Big boys and their toys
Denver Museum creates power context for Louvre exhibition

Marble portrait of architect Jules Hardouin-Mansart, 1703, by Jean-Louis Lemoyne, in “Artisans & Kings: Selected Treaures from the Louvre,” at the Denver Art Museum now through Jan. 6, 2008./Courtesy photo

by Judith Reynolds

If you’ve got it, flaunt it. Jules Hardouin-Mansart appears to be an arrogant man. Shown here in a 1703 marble portrait, he’s at the height of his power. As Louis XIV’s court architect, Hardouin-Mansart was largely responsible for Versailles. Here he is resplendent in an oversized wig, so popular at Louis’ balding court. His billowing lace collar and frothy waves of silk and brocade scream status.

So does a porcelain pitcher with its elaborate bronze armature. So does a demure silk upholstered chair. So does a velvet-lined picnic box filled with demitasse and gold sugar tongs.

The ewer belonged to Louis XV. The chair sat in Marie Antoinette’s boudoir. And the rosewood picnic box was XV’s present to Queen Marie Leczinska for finally giving birth to a prince.

All of these objects sit on pedestals at the Denver Art Museum, courtesy of the Louvre in Paris. “Artisans & Kings: Selected Treasures from the Louvre” is a bit of a palace coup for Denver. It’s the newest blockbuster exhibition for the museum, and it will be up through the first week of January. There’s plenty of time to get tickets online, but I wouldn’t wait.

Included in the exhibition are more than 125 paintings, sculpture and decorative objects. Some famous gems may draw you in, like Bernini’s bronze bust of Pope Urban VIII or paintings such as a Titian Venus or an Infanta by Velázquez. But surprise of surprises, it’s the way the organizers tell the story of power and privilege that’s ultimately captivating.

Gates Foundation Curator of Painting and Sculpture Timothy Standring and his Denver team have selected paintings, pitchers and tapestries from the royal collections of the French monarchy now, of course, at the Louvre. After the Revolution in the late 18th century, the palace became the Musée du Louvre and housed the newly named “people’s collections.”

The exhibition in Denver is fundamentally a story of royal patronage, but it’s more than whose silver finger bowl sat next to whose crystal goblet at the king’s table. This is a story of how three kings in particular used art to demonstrate, consolidate and reinforce political power. You may be dazzled by the luxury, but after you leave the exhibition, you’ll understand why the French Revolution erupted during the reign of the final Louis – XVI. When you see all that excess, you get it.

The exhibit is organized around four themes: the politics of style, trappings of power, crafting a lifestyle, and royal collections. In each section, brief text panels show how the kings cultivated the production of ostentatious goods as emblems of status. Panels and ongoing live demonstrations reveal the intricacies of many a lost art. The demonstrations feature gilders, weavers, ceramists and marqueters. A succinct audio guide is also available. It features a narrator and other voices, including Standring, who translate art historical lingo into human conversation. It’s worth the time.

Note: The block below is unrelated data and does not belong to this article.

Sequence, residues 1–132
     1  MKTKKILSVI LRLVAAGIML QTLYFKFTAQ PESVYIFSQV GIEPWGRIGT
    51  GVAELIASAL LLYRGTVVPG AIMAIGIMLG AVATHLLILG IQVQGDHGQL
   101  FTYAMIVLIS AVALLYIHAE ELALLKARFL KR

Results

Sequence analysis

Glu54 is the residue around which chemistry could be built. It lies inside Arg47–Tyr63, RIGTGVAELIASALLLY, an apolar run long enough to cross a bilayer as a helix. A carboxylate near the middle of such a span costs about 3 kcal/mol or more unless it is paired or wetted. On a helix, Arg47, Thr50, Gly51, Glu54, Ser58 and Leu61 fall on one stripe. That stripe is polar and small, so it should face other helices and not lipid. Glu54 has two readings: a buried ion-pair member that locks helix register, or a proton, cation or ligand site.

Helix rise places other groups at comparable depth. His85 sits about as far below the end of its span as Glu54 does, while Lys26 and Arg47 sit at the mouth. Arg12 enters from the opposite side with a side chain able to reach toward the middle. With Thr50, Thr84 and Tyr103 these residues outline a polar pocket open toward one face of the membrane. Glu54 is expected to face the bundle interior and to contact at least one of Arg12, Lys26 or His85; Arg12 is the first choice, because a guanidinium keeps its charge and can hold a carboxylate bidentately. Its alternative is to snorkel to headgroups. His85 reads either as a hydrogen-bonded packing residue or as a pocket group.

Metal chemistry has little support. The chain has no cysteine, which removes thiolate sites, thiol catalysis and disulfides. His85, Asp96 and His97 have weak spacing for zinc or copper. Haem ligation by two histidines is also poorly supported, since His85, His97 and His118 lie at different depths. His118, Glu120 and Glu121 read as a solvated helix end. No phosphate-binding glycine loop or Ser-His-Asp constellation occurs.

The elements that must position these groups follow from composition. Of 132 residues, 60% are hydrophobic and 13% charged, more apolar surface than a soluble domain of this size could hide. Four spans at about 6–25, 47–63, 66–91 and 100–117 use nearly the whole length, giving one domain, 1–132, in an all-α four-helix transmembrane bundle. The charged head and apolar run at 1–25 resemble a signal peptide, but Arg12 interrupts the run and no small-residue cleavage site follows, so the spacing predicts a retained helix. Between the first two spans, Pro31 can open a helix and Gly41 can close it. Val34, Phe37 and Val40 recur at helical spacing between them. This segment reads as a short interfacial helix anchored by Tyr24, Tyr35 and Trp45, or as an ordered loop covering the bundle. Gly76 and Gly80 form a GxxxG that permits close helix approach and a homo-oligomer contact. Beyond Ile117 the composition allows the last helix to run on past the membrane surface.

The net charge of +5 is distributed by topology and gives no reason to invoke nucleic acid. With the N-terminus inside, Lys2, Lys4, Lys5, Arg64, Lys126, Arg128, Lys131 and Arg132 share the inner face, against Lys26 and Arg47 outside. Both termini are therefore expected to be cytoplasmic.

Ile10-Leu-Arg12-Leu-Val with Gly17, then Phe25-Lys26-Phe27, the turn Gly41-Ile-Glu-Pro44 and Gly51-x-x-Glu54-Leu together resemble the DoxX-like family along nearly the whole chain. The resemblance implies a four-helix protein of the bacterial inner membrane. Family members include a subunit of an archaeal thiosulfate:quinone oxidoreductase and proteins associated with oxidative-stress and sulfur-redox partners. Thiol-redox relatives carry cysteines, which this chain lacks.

“The Infanta  Margarita,” 1654 by Diego Velazquez, from the Royal Collection, Louvre, Paris./Courtesy photo

How did Paris come to Denver?

“The exhibition has been five years in the making,” Standring said in an interview in the museum last week. “We’re planning three exhibitions with the Louvre. ‘Artisans & Kings’ is only the first. The other two will take us into 2009.”

Standring noted that the Louvre and the United States share a lifespan of 200 years. “That’s one thing we have in common.” After the French Revolution, the Musée Central des Arts opened to the public in the Grande Galerie of a former royal palace, he said. Since that time, the evolution into one of the world’s great museums is a story unto itself. Today there are 35,000 works of art in the Louvre, and Standring credits the new director of the Louvre, Henri Loyrette (appointed in 2001), with the vision and courage to send parts of the collection out into the world. “Artisans & Kings” is the first international exhibition to be shown in Denver’s new museum wing, and its content has been entirely crafted by the DAM team.

“We fashioned a show from the core collection of the Louvre,” Standring said. “We decided to focus on the royal collections and distill the narrative into four themes. I’m a little disappointed to see all the bonnets (Plexiglas cases for the three-dimensional objects), but this is today.”

Standring’s central idea is abundantly clear and compelling: aesthetics can carry ideological messages. Throughout history, kings and other “deciders” have known how to use art and craft to reinforce status and display power. Emblematic crowns go hand in hand with an emperor’s arrogant smirk. A gold chariot is but two centuries away from a bullet-proof Mercedes. Power toys are power toys.

Coats of arms, with their male and female halves conjoined, are the royal ancestors of our Presidential Seal. But make no mistake, the purpose always is to visually state who has the power.

Exhibitions largely made up of decorative arts too often devolve into a study of materials and craftsmanship. “Artisans & Kings” has a political framework that resonates on a larger platform. The next time you see handcrafted alligator cowboy boots with an enameled Presidential seal, think about King Louis and his silk shoes. They’re only one step apart. •